Swedish Case Has Been Used to 'Deny Solidarity' With Wikileaks Founder - Assange Supporter
The decision by Swedish prosecutors to drop, yet again, their investigation into allegations of sexual assault against WikiLeaks founder Julian Assange does not negate the "devastating effects" their case has had on his life and liberty, but it should result in his release from custody, say supporters, Trend reports citing Reuters.
The latest discontinuation of "preliminary investigations" into allegations of sexual assault by Swedish prosecutors should result into a revaluation of his case, according to his supporters.
Emmy Butlin, of the Committee to Defend Julian Assange, said that the Swedish case against him in 2010 was, "politicised from its inception to its conclusion". Speaking exclusively to Sputnik, she noted that Swedish authorities helped to create a "legal quagmire" which was used to "deny solidarity with Assange" and which, "curtailed an innocent man's freedom with devastating effects on his health and family life". All of this was done, "whilst the US prepared charges that could could lead to 175 years of incarceration in a US maximum security prison," she said.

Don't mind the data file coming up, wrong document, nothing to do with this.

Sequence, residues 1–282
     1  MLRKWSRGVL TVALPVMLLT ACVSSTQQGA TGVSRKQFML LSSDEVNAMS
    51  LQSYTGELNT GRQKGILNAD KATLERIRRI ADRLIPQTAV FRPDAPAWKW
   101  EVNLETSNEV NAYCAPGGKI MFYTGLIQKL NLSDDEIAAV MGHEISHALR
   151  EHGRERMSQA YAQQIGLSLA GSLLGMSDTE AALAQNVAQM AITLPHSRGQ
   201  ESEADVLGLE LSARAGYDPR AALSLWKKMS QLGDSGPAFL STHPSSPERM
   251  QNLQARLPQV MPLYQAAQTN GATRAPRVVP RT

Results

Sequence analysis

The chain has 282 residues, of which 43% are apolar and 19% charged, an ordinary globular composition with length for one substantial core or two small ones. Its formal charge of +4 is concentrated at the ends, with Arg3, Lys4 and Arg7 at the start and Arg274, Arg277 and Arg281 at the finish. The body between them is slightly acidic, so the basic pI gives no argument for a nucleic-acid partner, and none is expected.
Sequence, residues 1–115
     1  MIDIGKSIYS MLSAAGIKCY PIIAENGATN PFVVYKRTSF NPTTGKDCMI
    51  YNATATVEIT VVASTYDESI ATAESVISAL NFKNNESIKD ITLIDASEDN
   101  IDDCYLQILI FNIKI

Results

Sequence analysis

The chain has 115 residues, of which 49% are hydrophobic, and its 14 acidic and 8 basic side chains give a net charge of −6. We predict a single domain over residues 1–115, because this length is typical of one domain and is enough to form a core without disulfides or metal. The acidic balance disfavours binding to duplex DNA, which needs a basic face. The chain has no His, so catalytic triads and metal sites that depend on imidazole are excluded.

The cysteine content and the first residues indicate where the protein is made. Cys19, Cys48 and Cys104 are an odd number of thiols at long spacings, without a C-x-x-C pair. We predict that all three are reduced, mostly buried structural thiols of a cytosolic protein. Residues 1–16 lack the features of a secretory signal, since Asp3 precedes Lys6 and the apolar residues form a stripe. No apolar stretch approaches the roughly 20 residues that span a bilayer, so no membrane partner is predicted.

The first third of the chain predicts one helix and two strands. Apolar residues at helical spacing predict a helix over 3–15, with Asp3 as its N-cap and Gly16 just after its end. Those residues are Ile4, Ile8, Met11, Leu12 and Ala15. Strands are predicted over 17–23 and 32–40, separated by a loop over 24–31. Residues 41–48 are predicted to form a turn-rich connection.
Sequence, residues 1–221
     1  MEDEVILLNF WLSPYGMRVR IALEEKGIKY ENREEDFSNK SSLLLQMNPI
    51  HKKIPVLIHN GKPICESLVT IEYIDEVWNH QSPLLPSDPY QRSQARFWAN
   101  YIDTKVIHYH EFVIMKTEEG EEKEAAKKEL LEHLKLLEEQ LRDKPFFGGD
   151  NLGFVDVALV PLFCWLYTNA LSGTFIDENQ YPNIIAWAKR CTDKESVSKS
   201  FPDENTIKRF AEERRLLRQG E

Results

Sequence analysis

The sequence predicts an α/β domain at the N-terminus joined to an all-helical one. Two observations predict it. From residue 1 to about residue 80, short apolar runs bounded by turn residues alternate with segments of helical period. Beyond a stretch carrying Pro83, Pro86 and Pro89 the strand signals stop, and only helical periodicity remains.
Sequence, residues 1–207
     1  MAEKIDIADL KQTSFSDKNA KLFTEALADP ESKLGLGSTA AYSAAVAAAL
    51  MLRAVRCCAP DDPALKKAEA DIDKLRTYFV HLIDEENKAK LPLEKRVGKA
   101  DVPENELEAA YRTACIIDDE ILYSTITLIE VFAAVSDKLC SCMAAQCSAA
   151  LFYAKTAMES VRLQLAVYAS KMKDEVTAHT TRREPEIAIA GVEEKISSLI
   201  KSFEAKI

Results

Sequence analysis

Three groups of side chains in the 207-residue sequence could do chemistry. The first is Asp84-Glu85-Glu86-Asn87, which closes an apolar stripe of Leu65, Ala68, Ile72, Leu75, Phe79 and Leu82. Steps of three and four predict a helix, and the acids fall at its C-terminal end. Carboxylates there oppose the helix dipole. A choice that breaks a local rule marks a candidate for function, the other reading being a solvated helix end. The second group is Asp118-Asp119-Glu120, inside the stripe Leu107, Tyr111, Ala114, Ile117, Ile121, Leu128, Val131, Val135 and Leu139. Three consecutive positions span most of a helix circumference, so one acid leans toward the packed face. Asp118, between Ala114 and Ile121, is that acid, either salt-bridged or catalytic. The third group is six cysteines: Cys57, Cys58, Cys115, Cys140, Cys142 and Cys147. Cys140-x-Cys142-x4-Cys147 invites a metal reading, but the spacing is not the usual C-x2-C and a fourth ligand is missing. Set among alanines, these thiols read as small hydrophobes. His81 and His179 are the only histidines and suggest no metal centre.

Butlin, and the grassroots organisation she is a part of, have regularly appeared outside court hearings, and supported and co-organised events, pickets, and protests, outside of Belmarsh prison, the Home Office, and elsewhere in defence of Assange.
"During this this nine year ordeal the WikiLeaks publisher has remained firm in his co-operation with the authorities relating to this preliminary investigation. In 2012 he took steps to protect his life and freedom from the clear persecution and potential prosecution by the United States [Department of Justice] bent to punish him for WikiLeaks's embarrassing disclosures," Butlin added.
"It was also instrumentalised," she said, "to lead him to a UK high security prison, Belmarsh, under false pretences and prejudice the judicial profession in the UK against him."
She said that those "who have stood in solidarity with Julian Assange have learned a lesson on how cruel and unjust state power can be."
In a statement on 19 November WikiLeaks editor-in-chief Kristinn Hrafnsson said: “Sweden has dropped its preliminary investigation into Mr Assange for the third time, after reopening it without any new evidence or information. Let us now focus on the threat Mr Assange has been warning about for years: the belligerent prosecution of the United States and the threat it poses to the First Amendment.”